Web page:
Furthermore, the environmental and various justice movements should work together to enact laws to protect the earth from further environmental damage because the carbon already in the atmosphere will stay there for a long time and continue to affect the climate.
Dr. DellaSala urged voters to ask candidates running for office in 2020 the following questions:
Do you believe in climate change?
What is your vision for a safe climate?
How would you achieve that vision if elected?
Is it TOO COMPLEX? - Some decisions may be simple yes or no votes. Other decisions will affect many areas of government. Make sure you understand the implications and consequences if this petition becomes law.
Is it CLEAR? Some proposals aren't well-written. They may have conflicts requiring court interpretations or resolutions.
If the initiative is a constitutional measure, does it BELONG in the Constitution? Is it a fundamental law that should be protected? Changes or mistakes would require another (costly) election to amend the Oregon Constitution.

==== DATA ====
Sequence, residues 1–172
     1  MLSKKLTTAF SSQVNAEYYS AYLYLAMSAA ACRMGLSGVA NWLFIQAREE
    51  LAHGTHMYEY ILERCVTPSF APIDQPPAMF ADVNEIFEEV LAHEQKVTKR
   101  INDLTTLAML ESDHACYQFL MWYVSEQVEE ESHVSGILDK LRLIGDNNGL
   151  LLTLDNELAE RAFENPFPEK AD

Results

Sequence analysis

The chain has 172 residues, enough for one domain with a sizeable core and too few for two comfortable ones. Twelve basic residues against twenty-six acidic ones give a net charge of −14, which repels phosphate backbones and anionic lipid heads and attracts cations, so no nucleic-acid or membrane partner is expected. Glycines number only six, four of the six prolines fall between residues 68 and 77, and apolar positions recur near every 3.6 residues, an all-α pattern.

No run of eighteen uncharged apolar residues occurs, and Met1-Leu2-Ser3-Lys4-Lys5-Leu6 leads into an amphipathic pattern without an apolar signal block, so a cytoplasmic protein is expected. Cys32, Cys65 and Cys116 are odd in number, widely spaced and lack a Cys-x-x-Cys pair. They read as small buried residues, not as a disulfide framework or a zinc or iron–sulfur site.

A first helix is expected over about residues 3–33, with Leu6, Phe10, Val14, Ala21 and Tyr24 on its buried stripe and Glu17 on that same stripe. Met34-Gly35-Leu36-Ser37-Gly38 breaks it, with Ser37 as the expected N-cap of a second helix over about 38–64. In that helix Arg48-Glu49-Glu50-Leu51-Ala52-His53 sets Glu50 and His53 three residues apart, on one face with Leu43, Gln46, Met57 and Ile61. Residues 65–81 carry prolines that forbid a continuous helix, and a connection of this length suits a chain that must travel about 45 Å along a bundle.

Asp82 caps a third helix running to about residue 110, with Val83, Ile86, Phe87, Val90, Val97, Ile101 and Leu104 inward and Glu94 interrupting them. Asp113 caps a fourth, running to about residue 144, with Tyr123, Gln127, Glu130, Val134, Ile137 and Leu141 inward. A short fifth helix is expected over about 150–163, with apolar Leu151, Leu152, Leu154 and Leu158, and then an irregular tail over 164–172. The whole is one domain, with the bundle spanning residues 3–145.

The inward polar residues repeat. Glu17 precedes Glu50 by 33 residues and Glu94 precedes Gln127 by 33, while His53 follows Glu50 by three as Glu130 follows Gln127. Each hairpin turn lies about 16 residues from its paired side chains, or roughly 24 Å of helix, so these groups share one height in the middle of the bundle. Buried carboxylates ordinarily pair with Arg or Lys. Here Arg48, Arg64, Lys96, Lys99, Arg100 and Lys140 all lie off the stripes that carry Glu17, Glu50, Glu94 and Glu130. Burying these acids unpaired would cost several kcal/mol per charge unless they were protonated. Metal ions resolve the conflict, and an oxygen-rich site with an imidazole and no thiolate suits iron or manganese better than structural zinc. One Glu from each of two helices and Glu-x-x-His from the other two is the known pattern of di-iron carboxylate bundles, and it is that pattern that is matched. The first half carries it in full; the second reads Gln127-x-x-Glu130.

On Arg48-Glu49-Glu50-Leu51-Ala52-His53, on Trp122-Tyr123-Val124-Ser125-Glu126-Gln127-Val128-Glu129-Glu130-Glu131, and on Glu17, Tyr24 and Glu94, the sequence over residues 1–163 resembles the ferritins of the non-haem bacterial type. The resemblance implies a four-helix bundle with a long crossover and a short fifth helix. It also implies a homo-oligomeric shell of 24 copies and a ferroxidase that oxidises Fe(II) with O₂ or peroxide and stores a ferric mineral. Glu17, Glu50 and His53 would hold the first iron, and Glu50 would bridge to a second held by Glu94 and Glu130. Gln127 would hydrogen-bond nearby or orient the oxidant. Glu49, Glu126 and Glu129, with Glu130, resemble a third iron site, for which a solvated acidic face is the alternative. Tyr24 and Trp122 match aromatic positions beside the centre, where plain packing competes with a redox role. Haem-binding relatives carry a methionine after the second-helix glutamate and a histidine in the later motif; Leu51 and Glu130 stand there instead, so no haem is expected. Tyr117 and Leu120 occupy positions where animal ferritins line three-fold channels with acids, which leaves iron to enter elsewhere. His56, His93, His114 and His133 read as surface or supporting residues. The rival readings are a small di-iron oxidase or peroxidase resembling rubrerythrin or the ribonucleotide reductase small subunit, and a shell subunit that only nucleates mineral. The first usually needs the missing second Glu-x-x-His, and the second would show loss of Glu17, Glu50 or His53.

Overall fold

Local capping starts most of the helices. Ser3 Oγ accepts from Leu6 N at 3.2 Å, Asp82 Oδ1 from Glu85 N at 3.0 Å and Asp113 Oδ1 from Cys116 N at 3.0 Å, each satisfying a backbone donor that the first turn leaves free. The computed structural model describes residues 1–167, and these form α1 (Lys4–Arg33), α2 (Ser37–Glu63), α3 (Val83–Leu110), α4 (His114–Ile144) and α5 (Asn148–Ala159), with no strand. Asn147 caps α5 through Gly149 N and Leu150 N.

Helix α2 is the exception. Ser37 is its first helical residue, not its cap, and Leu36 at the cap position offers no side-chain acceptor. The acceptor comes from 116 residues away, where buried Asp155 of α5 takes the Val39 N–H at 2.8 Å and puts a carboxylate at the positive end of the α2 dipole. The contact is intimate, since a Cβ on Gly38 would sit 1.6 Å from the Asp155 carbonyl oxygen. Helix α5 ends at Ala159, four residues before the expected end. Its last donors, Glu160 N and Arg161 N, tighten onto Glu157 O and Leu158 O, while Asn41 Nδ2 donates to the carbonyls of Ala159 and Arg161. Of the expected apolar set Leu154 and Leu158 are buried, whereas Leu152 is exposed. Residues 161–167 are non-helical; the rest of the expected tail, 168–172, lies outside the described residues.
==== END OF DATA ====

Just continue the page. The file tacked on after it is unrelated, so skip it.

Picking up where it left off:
Is it an "unfunded mandate?" Would the Legislature need to pull funds from other essential programs? Initiatives should generally not earmark, restrict, or obligate specific General Fund revenue percentages.
Before you sign, ask to see ID. Paid gatherers must carry photo ID issued by the Secretary of State. If they don't have the required ID, you can reasonably wonder why. Numerous instances of fraud could have been avoided by insisting on seeing ID.
Thanks to Kathleen Mason we were able to get our Facebook page up.